The Norwegian model: An indicative of the NOCs’ successful performance?
- Written by Lavinia-Petronela Tănase, LLM Oil and Gas Law with Professional Skills - University of Aberdeen
Norway represents one of the most performant nations worldwide regarding its petroleum resource management. This major petroleum producer has decided, in the early ‘70s, that the most successful scheme for highly efficient oil and gas related activities shall be the clearly defined division of oil sector functions. Norway displayed strong sympathy for the instauration of a Ministry of Petroleum and Energy, a Norwegian Petroleum Directorate (NPD) and a National Oil Company, called Statoil. As a rule, the Ministry shall govern the petroleum legislation and policy making (e.g. award exploration and production licenses), while all technical and regulatory matters (e.g. gathering data on all hydrocarbon activities, collecting fees from oil operators, advising the Ministry on technical matters) (Thurber, 2013) shall be coordinated by NPD. Furthermore, all extensive commercial operations both in Norway and abroad would be pursued by the National Oil Company (NOC)(Al-Kasim, 2006).
This article aims at unfolding the modality in which the Norwegian Model can apply to several other countries and the cause-effect result between the non-implementation of such a separation-of-functions model and the inherent problems the NOCs are faced with.
This model’s resounding success relies upon the highly stable political scene and performant bureaucracy of the state. Fundamentally, for implementing the separation of functions within the governance of the oil sector, the state needs to prove it has developed a strong institutional capacity and a competitive political system (Thurber, 2010). Norway has confirmed that the model has functioned on the basis of an appreciably – efficient previous industrial experience and investments in human capital, to accommodate the actual and future employees with the petroleum industry (Thurber, 2013). More specifically, Norway has followed some very prominent steps in its becoming as one of the world’s leading oil and gas producers. Its gigantic, qualitative oil and gas discoveries in the early ‘70s and its favourable position in the northern part of Europe have substantially contributed to this statute. Moreover, Thurber and Istad (2013) argue that there has been a sine qua non-link between the separation of functions model and the conversion of Statoil in a truly efficient and well structured NOC. In this way, Al-Kasim states that this Nordic country has focused on preserving control over its oil resources, in order to counterbalance the ‘power and ambition of Statoil’. However, the State’s institutions and Statoil have worked together towards a developing economy based on oil activities. Hence, the Government Pension Fund – Global emerged by collecting oil revenues and secure them for the belonging of the entire population of Norway, and not just to a small richer group (Leroen, 2012). Furthermore, the Government allowed Statoil to take long-term approach to technological development, its organisational culture valuing innovation instead of commercial gain.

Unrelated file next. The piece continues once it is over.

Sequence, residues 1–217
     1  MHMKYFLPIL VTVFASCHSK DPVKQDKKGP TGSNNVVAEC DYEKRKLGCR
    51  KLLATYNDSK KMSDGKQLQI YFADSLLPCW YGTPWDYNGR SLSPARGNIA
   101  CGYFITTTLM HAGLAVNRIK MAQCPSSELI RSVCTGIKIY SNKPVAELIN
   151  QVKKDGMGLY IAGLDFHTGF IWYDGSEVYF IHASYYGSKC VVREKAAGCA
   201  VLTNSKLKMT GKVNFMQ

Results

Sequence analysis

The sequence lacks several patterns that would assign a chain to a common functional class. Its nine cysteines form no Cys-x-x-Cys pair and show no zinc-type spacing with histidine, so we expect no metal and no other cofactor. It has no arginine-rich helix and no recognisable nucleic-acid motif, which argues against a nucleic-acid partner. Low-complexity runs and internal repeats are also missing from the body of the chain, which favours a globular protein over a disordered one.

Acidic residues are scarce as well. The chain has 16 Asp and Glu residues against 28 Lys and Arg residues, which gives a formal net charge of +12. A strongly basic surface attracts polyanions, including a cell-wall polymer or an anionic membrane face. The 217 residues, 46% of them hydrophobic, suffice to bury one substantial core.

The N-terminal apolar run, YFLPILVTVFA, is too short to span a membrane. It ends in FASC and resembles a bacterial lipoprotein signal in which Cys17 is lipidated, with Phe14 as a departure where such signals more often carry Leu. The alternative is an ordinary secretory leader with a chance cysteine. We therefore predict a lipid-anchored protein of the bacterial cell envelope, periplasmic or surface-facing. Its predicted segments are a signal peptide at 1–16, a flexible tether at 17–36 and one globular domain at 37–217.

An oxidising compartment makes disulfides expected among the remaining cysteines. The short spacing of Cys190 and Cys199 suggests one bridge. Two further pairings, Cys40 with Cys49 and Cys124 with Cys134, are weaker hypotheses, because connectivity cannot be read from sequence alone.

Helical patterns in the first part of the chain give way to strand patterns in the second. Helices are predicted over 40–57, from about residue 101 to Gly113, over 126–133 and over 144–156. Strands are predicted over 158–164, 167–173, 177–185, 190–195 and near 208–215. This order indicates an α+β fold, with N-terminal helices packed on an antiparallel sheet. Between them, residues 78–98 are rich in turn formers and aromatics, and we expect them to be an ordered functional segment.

As a matter of fact, even the Natural Resource Charter (2014) endows the Norwegian Model in its first precept, by clearly laying out that the natural resources should be managed in such a way as to primarily benefit the citizen, ‘through an inclusive and comprehensive national strategy, legal framework and competent institutions’. Also, the sixth precept brings to light the idea that NOCs should develop their commercial activity upon well established mandates.
Even though Norway has had a positive experience with separation of functions regarding the governance of its oil and gas sector, it does not mean this shall constitute a precedent for all countries that endeavour to pursue this model. Practically, each country must be analyzed according to its political, legal, institutional specificities and human capital development. To put it more simply, commercial activities are likely to go wrong due to a lack of legislative and institutional stability (Rodrik, 2008).